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A brief history of child abuse protection in the United States

Children are under the complete control of their parents, and if the parents wish to abuse their children, they can often get away with it. Until recently, parents actually had the right to physically beat their children and treat them in a way that would -- in modern times -- constitute abuse. This is because children were viewed as property by the courts -- specifically, the property of their fathers.

In the United States, the courts continued to view children as property until the early 1870s -- when the sad case of an 8-year-old orphan girl captured the hearts of the nation.

Children once had fewer rights than animals

Since no child protection advocacy groups existed at the time that the 8-year-old girl was suffering from abuse, lawyers from the the American Society for the Prevention of Cruelty to Animals (ASPCA) took up the case. These lawyers argued that if the law protected animals from abuse, it should protect children from abuse as well.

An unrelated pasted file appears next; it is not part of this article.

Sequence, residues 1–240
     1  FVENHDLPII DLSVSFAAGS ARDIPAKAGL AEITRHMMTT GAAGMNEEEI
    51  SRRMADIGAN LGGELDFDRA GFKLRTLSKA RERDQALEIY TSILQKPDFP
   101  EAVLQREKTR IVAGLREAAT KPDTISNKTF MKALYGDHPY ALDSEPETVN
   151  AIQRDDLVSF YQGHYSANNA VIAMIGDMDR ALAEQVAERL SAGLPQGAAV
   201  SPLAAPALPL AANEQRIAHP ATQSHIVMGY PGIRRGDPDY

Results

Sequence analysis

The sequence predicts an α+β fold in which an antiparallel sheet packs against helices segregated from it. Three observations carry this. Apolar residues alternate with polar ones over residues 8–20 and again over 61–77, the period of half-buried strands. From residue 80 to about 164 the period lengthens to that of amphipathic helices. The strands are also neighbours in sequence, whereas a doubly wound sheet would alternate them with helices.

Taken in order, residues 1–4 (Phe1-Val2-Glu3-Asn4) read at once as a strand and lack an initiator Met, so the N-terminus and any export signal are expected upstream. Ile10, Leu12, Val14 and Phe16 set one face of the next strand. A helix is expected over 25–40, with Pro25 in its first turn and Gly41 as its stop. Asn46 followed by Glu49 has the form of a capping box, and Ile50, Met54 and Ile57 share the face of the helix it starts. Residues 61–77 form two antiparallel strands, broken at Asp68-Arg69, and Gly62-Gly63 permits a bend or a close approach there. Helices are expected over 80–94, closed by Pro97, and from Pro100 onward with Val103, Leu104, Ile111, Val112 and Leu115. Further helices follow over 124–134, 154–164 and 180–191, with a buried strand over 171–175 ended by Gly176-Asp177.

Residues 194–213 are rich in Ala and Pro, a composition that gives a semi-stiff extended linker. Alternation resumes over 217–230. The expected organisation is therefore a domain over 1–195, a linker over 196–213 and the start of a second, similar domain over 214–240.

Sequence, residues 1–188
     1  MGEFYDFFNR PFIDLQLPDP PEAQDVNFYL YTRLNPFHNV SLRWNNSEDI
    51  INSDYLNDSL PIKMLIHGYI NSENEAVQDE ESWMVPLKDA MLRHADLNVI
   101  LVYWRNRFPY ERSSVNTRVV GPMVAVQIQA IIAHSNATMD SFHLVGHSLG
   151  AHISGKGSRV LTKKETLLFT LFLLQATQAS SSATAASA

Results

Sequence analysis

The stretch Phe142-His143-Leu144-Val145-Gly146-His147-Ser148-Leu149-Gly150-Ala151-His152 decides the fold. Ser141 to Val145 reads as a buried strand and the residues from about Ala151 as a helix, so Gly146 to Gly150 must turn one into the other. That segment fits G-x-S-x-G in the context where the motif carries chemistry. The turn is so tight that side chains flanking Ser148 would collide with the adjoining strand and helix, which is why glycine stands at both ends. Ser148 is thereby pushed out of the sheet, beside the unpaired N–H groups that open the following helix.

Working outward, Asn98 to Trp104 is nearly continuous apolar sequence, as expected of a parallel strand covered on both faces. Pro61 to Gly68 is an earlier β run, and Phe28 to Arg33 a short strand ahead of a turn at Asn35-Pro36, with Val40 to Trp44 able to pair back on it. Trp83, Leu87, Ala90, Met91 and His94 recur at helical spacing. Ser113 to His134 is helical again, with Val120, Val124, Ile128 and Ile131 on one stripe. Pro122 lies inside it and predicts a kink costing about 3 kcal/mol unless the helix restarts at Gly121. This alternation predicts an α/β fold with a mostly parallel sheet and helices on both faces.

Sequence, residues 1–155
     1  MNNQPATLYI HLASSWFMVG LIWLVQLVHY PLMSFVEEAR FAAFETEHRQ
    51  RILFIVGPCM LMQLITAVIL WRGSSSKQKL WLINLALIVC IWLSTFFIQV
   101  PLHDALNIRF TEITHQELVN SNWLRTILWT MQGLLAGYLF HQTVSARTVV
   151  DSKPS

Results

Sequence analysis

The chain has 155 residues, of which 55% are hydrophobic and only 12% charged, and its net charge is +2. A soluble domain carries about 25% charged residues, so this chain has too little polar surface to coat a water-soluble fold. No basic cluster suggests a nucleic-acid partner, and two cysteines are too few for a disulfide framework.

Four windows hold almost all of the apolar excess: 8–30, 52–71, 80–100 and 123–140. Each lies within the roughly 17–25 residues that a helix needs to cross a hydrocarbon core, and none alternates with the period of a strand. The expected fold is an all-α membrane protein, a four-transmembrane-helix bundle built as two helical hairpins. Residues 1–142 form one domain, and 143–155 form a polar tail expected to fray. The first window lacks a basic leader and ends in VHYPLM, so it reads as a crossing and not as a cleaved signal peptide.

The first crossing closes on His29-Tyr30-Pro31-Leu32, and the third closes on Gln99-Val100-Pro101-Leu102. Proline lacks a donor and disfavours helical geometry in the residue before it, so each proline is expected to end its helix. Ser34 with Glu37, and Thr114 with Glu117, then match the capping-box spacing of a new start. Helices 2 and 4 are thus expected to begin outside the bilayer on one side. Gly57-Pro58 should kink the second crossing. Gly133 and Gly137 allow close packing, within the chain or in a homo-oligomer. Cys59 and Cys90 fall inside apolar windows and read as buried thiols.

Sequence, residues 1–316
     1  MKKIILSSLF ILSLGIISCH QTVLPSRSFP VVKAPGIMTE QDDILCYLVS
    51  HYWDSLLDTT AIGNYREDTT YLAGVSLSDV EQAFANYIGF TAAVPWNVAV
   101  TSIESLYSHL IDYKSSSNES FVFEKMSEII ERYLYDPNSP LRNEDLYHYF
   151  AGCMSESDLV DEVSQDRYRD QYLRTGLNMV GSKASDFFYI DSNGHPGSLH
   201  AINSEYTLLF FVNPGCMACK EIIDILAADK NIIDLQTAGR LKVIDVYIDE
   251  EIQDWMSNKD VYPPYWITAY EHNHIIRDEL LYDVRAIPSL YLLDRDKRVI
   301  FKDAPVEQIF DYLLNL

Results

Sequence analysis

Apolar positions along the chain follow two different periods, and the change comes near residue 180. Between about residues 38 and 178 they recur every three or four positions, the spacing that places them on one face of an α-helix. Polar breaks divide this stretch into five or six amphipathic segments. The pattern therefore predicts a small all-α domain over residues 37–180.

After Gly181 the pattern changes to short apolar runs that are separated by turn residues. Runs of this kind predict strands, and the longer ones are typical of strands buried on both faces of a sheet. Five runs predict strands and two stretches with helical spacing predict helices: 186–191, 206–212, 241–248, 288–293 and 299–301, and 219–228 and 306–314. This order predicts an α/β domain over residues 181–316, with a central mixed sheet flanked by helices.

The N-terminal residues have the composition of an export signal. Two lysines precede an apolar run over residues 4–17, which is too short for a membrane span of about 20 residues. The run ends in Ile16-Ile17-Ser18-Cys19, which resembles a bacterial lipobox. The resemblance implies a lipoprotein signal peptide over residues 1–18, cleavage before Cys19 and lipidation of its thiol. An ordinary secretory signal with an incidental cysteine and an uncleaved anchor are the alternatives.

The court agreed with the ASPCA lawyer's position, and ruled that the foster mother caring for the girl was guilty of assault and battery. She was sentenced to one year in jail. Several years later, in 1874, concerned community members created the New York Society for the Prevention of Cruelty to Children.

Furthering child abuse protections

In 1962, the American Medical Association reported guidelines for identifying the signs and symptoms of child abuse. Soon, every state had created mandatory reporting laws requiring professionals like teachers and doctors to report their suspicions of child abuse to local child protective agencies.

In 1974, lawmakers created the federal Child Abuse Prevention and Treatment Act (CAPTA). CAPTA funds programs that make it easier to find and identify child abuse. It also offers protective services and safe shelters to children who are victims.

Child advocacy and working to prevent child abuse

In spite of laws that protect children, child abuse continues to be a serious problem in the United States. However, with successful child advocacy programs, communities are working together to stop the abuse of children.

Child advocacy includes family law attorneys, professionals, individuals and advocacy groups that step forward to protect the best interests of children. If you know of a child in need of legal assistance, be sure to reach out to a child advocacy group as soon as possible.

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